In this work, we model the subsurface transport of methane on Mars and its subsequent trapping in clathrate hydrates. For the latter, the effect of the clathrate formation pressure is especially examined, while methane subsurface transport is studied considering adsorption onto, advection and diffusion through the regolith.

How to cite: Gloesener, E., Karatekin, Ö., and Dehant, V.: Migration and storage of methane in the Martian crust , EGU General Assembly 2021, online, 19–30 Apr 2021, EGU21-15495, https://doi.org/10.5194/egusphere-egu21-15495, 2021.

09:27–09:29
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EGU21-7872
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ECS
Yutong Shi, Siyuan Zhao, Suniti Karunatillake, and Long Xiao

Photoanalytical segmentation of individual soil grains and granulometry in high-resolution surface images are key in understanding sedimentation processes of planetary bodies before samples return to Earth. Here we present a Mathematica-based semi-automated image segmenting software tool that allows fast segmentation and granulometry analysis of Martian (soil) images based on the algorithm of Karunatillake et al. (2013, 2014), with a graphical user interface (GUI) to increase the software accessibility.

Our software has been adapted to Martian in-situ observation images including the Mars Hand Lens Imager (MAHLI) and Microscopic Imager (MI), providing segmenting and granulometry measurement through steps below: (1) Image imported: all common raster images are supported, as well as the IMG formatted MAHLI and MI images. While the MI image possesses a constant pixel size of 31 μm/pixel, for MAHLI images with various focal lengths, a focus motor count is required to calculate pixel size. The imported images are processed with gamma correction, contrast adjustment, background sharpen, and are visually decided whether there is a distinct foreground before going to the second step: (2) Image segmented: two independent modules are designed for segmenting the foreground and background with separate parameters, the coarser-grained foreground was masked before the finer-grained background is segmented. The GUI allows dynamic visualization of how the segmenting result changes with each parameter, facilitating the setting of parameters. (3) Granulometry: the grain size is calculated from the focal length and Wentworth classification of detected grains is established, highlighting the dominant class of grain size. The probability density and cumulative distribution of grain size can also be plotted. The granulometry results and parameters used are supported to export.

To check the performance of our software, we qualitatively tested our software with 57 MAHLI and MI images with or without foreground, with comparison to region based segmentation method such as BASEGRAIN, edge detection based method such as ENVI Classification tools and Feature Extraction tools, and supervised segmentation methods such as ENVI supervised classification tools and ImageJ Trainable Weka Segmentation tool. Our software shows better results in generating grains with closed boundaries and distinguishing adjacent grains with similar colors, with the fastest speed and less workload. Factors that may influence the accuracy of segmenting include image resolution, camera angle, inter-grain brightness/color contrast and shadow coverage.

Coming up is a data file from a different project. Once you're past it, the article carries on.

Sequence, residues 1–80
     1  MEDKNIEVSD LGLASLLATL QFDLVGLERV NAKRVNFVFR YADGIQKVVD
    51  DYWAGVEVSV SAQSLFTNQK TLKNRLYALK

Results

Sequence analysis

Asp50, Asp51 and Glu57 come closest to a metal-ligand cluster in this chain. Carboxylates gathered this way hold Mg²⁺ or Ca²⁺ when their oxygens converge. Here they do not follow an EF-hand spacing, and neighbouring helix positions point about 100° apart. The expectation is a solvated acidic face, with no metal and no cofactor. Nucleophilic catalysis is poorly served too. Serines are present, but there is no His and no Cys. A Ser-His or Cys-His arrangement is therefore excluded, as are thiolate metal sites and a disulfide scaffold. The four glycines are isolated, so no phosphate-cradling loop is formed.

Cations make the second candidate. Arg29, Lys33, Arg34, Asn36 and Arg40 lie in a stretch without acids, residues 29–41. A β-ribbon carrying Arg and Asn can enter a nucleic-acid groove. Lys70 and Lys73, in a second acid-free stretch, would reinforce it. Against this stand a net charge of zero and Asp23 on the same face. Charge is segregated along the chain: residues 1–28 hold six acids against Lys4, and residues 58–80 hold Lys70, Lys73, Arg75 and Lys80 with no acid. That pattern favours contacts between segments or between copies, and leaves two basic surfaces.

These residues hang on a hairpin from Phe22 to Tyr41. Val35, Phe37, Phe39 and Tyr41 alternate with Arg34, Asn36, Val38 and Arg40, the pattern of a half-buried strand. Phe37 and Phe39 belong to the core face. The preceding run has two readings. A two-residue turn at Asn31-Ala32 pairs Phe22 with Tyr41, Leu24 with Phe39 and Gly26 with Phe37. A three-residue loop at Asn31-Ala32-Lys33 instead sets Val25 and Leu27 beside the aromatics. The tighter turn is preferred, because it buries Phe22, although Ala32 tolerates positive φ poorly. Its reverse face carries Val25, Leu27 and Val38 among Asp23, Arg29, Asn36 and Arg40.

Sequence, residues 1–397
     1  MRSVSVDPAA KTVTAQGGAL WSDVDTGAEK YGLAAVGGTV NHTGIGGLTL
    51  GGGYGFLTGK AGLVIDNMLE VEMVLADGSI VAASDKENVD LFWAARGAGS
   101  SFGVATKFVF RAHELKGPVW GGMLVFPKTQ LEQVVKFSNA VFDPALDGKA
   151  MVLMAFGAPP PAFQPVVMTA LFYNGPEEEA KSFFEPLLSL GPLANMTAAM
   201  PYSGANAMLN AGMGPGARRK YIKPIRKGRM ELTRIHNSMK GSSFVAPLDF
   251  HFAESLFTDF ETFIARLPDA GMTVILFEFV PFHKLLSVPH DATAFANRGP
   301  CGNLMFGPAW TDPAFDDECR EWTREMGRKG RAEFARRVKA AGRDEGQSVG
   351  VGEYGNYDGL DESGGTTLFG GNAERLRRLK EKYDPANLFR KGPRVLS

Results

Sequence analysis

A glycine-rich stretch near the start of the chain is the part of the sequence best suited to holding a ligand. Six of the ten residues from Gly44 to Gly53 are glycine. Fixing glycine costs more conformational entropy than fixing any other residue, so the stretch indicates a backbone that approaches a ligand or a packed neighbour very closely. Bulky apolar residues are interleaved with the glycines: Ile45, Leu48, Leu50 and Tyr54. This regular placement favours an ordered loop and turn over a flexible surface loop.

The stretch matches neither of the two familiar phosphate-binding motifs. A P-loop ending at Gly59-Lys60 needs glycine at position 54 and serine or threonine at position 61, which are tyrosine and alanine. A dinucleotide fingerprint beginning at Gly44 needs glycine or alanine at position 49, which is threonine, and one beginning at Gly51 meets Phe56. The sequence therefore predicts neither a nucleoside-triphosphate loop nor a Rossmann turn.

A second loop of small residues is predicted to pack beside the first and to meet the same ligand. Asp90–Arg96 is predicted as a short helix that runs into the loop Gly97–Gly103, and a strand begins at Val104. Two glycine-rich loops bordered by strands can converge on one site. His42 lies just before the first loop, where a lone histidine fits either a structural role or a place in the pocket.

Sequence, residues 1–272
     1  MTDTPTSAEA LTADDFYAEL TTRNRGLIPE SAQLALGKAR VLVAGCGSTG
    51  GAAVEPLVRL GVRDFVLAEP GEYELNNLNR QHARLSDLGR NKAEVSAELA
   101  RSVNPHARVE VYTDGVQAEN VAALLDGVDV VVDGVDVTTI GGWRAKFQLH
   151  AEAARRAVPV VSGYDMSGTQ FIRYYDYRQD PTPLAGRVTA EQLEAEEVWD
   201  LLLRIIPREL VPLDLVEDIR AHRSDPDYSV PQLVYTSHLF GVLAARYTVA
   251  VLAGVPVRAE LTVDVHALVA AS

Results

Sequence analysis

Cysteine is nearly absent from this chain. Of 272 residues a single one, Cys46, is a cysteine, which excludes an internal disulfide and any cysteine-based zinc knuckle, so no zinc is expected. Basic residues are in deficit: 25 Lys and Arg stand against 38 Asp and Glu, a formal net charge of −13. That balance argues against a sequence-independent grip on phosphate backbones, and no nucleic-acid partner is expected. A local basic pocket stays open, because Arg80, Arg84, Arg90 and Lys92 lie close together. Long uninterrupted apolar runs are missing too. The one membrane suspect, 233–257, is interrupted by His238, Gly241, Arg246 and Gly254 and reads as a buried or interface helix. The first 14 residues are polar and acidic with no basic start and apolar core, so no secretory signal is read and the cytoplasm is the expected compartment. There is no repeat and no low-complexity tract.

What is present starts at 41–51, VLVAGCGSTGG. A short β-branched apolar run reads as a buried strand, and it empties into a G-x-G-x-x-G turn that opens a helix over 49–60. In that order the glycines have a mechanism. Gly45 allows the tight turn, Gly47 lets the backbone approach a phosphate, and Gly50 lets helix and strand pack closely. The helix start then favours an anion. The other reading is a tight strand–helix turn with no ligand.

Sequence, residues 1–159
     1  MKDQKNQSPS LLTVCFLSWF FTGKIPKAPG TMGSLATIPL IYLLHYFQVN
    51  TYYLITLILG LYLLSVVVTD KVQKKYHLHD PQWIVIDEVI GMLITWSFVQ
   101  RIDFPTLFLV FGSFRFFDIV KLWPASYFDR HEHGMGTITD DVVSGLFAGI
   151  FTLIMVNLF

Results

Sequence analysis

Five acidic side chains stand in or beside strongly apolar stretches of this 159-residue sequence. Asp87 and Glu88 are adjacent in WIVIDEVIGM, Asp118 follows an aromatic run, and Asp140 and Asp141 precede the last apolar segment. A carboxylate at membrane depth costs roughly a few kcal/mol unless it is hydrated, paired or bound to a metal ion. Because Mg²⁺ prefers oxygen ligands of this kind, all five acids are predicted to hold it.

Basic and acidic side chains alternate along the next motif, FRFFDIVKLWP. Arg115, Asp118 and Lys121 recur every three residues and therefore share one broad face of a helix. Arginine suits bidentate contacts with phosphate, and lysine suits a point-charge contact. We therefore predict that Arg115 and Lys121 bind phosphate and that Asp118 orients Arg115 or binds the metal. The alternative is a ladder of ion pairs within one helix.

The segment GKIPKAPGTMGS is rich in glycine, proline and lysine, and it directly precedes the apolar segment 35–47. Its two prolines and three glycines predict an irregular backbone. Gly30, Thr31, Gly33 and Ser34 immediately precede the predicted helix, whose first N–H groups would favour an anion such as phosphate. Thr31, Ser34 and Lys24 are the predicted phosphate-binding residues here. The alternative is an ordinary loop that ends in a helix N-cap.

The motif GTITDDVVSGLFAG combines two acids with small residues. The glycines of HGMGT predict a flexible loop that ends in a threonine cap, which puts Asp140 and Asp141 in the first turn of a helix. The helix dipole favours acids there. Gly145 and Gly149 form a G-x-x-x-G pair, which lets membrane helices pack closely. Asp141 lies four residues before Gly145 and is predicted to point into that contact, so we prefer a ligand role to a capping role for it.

In future work, a particle morphometry measuring function will be added so that statistics of grain roundness, sphericity, and angularity could be obtained. High-resolution images from the Moon and the asteroids will also be used in software testing to expand the range of its applicability to other planetary bodies. We will also consider its application on terrestrial cases, such as images of terrestrial sediments or petrological thin sections, which will need further improvement of the software concerning the increased compositional and optical complexity of terrestrial grains.

 

 

How to cite: Shi, Y., Zhao, S., Karunatillake, S., and Xiao, L.: Semi-automated Image Segmenting Software for Martian Soil Granulometry, EGU General Assembly 2021, online, 19–30 Apr 2021, EGU21-7872, https://doi.org/10.5194/egusphere-egu21-7872, 2021.

09:29–09:31
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EGU21-6279
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ECS
Giovanni Baccolo, Barbara Delmonte, Paul Niles, Giannantonio Cibin, Elena Di Stefano, Dariush Hampai, Lindsay Keller, Valter Maggi, Augusto Marcelli, Joseph Michalski, Christopher Snead, and Massimo Frezzotti

On Earth, jarosite is a weathering product forming in acidic-oxidative environments from the alteration of iron-bearing minerals in presence of liquid water. Typical settings where this iron-potassium hydrated sulphate is found, are weathering zones of pyrite-rich deposits, evaporative basins and fumaroles. Jarosite is not only known on Earth, it also occurs on Mars, where it was firstly identified by the Opportunity rover. The mineral was in fact recognized in the finely layered formations outcropping at Meridiani Planum and that were accurately investigated by the rover (Klingelhöfer et al. 2004). Since jarosite requires liquid water to form, its occurrence on Mars has been regarded as an evidence for the presence of liquid water in the geologic past of Mars (Elwood-Madden et al., 2004). Since then, many models have been proposed to describe the environments where the precipitation of Martian jarosite took place. The most accepted ones deal with evaporative basins similar to Earth’s playas, others concern volcanic activity and hydrothermal processes. An alternative proposal predicted that jarosite may have formed as a consequence of weathering of mineral dust trapped in massive ice deposits, i.e. the ice-weathering model (Niles & Michalsky, 2009). The hypothesis that jarosite formed on Mars because of low-temperature, acidic and water limited weathering, is not new (Burns, 1987), but until now no direct evidences were available to support it.